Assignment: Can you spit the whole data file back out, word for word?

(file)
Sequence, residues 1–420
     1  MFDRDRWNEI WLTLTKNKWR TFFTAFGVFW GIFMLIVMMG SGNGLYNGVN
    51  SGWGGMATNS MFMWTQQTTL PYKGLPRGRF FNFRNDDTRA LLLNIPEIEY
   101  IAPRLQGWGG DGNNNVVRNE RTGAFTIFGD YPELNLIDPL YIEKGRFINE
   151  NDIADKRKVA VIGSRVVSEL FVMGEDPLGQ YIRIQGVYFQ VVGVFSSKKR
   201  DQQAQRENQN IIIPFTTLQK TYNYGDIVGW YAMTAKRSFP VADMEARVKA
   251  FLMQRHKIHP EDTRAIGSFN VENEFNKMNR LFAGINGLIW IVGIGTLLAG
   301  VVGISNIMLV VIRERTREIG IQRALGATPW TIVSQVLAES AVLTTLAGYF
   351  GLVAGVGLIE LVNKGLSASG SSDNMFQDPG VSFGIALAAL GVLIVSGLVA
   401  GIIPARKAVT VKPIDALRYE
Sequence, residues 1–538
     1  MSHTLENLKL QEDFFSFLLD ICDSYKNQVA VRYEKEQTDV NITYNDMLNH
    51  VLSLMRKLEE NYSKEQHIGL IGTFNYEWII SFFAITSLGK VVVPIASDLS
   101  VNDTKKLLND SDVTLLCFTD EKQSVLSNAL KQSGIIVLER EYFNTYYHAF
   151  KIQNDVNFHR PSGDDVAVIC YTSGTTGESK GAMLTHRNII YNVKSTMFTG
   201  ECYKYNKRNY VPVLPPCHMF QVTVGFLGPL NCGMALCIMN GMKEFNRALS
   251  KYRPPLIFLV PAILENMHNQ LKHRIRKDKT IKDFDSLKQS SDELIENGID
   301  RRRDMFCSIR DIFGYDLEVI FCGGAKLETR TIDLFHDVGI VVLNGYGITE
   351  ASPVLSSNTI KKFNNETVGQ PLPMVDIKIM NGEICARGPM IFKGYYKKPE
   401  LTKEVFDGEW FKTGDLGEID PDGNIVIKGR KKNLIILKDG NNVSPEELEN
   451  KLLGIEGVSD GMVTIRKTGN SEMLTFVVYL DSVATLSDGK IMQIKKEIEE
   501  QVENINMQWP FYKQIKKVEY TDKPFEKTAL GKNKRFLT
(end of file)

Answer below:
Sequence, residues 1–420
     1  MFDRDRWNEI WLTLTKNKWR TFFTAFGVFW GIFMLIVMMG SGNGLYNGVN
    51  SGWGGMATNS MFMWTQQTTL PYKGLPRGRF FNFRNDDTRA LLLNIPEIEY
   101  IAPRLQGWGG DGNNNVVRNE RTGAFTIFGD YPELNLIDPL YIEKGRFINE
   151  NDIADKRKVA VIGSRVVSEL FVMGEDPLGQ YIRIQGVYFQ VVGVFSSKKR
   201  DQQAQRENQN IIIPFTTLQK TYNYGDIVGW YAMTAKRSFP VADMEARVKA
   251  FLMQRHKIHP EDTRAIGSFN VENEFNKMNR LFAGINGLIW IVGIGTLLAG
   301  VVGISNIMLV VIRERTREIG IQRALGATPW TIVSQVLAES AVLTTLAGYF
   351  GLVAGVGLIE LVNKGLSASG SSDNMFQDPG VSFGIALAAL GVLIVSGLVA
   401  GIIPARKAVT VKPIDALRYE
Sequence, residues 1–538
     1  MSHTLENLKL QEDFFSFLLD ICDSYKNQVA VRYEKEQTDV NITYNDMLNH
    51  VLSLMRKLEE NYSKEQHIGL IGTFNYEWII SFFAITSLGK VVVPIASDLS
   101  VNDTKKLLND SDVTLLCFTD EKQSVLSNAL KQSGIIVLER EYFNTYYHAF
   151  KIQNDVNFHR PSGDDVAVIC YTSGTTGESK GAMLTHRNII YNVKSTMFTG
   201  ECYKYNKRNY VPVLPPCHMF QVTVGFLGPL NCGMALCIMN GMKEFNRALS
   251  KYRPPLIFLV PAILENMHNQ LKHRIRKDKT IKDFDSLKQS SDELIENGID
   301  RRRDMFCSIR DIFGYDLEVI FCGGAKLETR TIDLFHDVGI VVLNGYGITE
   351  ASPVLSSNTI KKFNNETVGQ PLPMVDIKIM NGEICARGPM IFKGYYKKPE
   401  LTKEVFDGEW FKTGDLGEID PDGNIVIKGR KKNLIILKDG NNVSPEELEN
   451  KLLGIEGVSD GMVTIRKTGN SEMLTFVVYL DSVATLSDGK IMQIKKEIEE
   501  QVENINMQWP FYKQIKKVEY TDKPFEKTAL GKNKRFLT